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school counseling week 2024
Posted in , on February 7, 2024

National School Counseling Week is Feb. 5-9

It’s National School Counseling Week, so we’re highlighting a group of dedicated professionals who really deserve recognition all year long.

School counselors’ job description is long and varied, but it’s all in the name of supporting students. And it’s a whole lot more than helping students pick classes or apply to college.

“School counselors listen with their hearts and understand the unspoken words hidden within the silence of their students,” said Telisa Brown, director of the Arlington ISD guidance and counseling department. “They hold a space for growth, by nurturing their students as they blossom into their true selves.”  

Their tireless work helps “ensure their students have the tools and space they need to be the best and healthiest versions of themselves,” she said. “School counselors make a difference.”

The difference they make can vary from student to student – depending on their needs – and by grade level. Elementary, junior high and high school counselors all have unique roles dictated by the age and experience of their students.

LaDonna Fields, the counselor at Fitzgerald Elementary, understands the special life stage that her elementary students are in.

“At this developmental stage, students are building the foundation to future academic and social success,” Fields said. “What makes it unique is getting to be a part of this journey and help navigate and guide them through social interactions, academic challenges and emotional development.”

No day is the same for Fields, and she likes it that way.

“Every day is like a box of chocolates; you never know what you are going to get!” she said. “Being able to guide students in their personal, social and academic growth is incredibly fulfilling. Building meaningful connections with all stakeholders is the highlight of the job.”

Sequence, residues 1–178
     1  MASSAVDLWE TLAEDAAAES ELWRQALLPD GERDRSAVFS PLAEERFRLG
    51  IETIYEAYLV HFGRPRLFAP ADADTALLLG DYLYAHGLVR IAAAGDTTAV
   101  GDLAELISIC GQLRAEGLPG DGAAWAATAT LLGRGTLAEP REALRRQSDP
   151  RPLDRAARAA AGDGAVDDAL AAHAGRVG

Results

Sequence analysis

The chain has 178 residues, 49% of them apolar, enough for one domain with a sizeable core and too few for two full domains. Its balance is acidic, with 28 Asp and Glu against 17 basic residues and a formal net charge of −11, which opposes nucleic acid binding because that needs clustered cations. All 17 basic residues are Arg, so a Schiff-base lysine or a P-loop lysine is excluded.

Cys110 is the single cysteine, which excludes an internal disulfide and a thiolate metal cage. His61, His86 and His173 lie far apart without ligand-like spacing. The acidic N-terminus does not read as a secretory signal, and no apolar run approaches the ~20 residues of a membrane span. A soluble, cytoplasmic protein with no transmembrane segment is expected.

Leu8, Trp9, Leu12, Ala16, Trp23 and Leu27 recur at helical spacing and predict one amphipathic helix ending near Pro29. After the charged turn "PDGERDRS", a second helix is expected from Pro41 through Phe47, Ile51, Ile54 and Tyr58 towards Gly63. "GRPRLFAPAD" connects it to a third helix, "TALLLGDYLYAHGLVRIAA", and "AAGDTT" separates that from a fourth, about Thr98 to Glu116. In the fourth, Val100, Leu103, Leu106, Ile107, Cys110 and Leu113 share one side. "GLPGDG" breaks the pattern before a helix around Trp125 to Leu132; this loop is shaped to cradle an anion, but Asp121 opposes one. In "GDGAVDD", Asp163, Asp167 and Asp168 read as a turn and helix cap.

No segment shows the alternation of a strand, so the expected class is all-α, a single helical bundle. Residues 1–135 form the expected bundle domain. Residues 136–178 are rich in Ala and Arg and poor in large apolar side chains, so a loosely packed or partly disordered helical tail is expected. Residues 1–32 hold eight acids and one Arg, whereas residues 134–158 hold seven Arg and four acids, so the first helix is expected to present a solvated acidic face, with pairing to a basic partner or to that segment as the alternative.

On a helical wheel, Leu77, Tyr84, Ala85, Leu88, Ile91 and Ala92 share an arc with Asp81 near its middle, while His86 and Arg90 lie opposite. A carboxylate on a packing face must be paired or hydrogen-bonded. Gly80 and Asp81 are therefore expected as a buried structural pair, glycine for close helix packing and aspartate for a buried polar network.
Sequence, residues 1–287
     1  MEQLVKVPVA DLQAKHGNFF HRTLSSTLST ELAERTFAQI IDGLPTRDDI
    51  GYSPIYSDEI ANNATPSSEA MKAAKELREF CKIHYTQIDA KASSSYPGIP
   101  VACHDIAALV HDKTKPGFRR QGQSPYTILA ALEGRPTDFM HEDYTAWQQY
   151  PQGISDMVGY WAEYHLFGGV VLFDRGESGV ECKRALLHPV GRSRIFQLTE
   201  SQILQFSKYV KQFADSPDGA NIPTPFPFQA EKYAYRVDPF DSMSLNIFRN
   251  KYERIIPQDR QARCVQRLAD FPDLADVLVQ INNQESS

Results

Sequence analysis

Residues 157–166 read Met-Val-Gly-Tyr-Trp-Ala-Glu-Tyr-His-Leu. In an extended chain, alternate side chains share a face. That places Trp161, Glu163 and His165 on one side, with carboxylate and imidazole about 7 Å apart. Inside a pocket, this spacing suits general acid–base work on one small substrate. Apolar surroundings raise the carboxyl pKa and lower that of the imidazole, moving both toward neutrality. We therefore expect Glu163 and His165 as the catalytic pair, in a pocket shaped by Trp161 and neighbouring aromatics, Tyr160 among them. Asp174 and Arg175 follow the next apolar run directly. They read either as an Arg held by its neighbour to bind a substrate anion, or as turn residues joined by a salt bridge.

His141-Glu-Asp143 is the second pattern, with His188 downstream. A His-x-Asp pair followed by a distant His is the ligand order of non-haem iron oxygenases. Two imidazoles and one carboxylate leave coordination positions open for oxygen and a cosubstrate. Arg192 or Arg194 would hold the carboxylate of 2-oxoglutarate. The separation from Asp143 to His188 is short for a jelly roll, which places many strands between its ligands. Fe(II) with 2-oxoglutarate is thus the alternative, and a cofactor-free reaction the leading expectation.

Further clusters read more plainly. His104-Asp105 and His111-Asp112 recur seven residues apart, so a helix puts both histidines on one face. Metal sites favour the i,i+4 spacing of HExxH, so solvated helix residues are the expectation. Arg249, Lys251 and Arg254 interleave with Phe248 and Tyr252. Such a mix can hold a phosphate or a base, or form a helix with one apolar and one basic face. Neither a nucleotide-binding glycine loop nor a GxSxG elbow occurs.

When students move on from elementary and hit the junior high level, many of their needs change, and with it the role of the counselor changes. There are new challenges the students must navigate, plus they have to start getting ready for high school.

“These challenges can often feel overwhelming and scary for students, and it is a joy to be able to walk alongside students during this time,” said Gunn Junior High counselor Jeff Colston. “School counseling at the junior high level is also unique because we only have these kids for a brief period of time, so it is important to make every second count.”

Colston makes sure every second does count as he does all he can to support students where they are now and help them get to where they want to go in the future.

“I get to daily play the role of encourager in the lives of students and staff,” he said. “School life and home life can be exhausting and stressful, but as a school counselor, I feel that I am uniquely positioned to be a breath of fresh air for the people on my campus, and I love getting to do that. I also love talking to students about their dreams for both the near and distant futures. I get to help students answer the question, ‘How do I get there?’”

After two quick years in junior high, students are off to high school with a whole new set of challenges and opportunities.

“High school is unique because we have so many different opportunities for kids to explore their college and career options,” said Leila Perez, a counselor at Arlington High School. “From tasting chili cookoffs to writing letters of recommendation to conducting mock job interviews, I love being part of their journey.”

It’s a journey that takes all kinds of twists and turns for each student. Everyone has different experiences, different backgrounds and different hopes and dreams.

“I love working one on one with kids to help them meet their goals, and I am grateful for the flexibility and resources to do that as a counselor,” Perez said.

Colston feels the same way.

“I genuinely think that I have the coolest job in the world as a school counselor, and I am just grateful every day that I have the opportunity to do this!” he said.

Fields loves the job, too, because of the impact she knows she is making.

“Knowing that I am doing my part to make sure our decisions are driven by what is best for kids brings me pure delight because our students absolutely deserve an advocate,” Fields said.

Our students are certainly better off because of advocates like Fields, Colston, Perez and every counselor in the district. We are grateful for you. Thank you!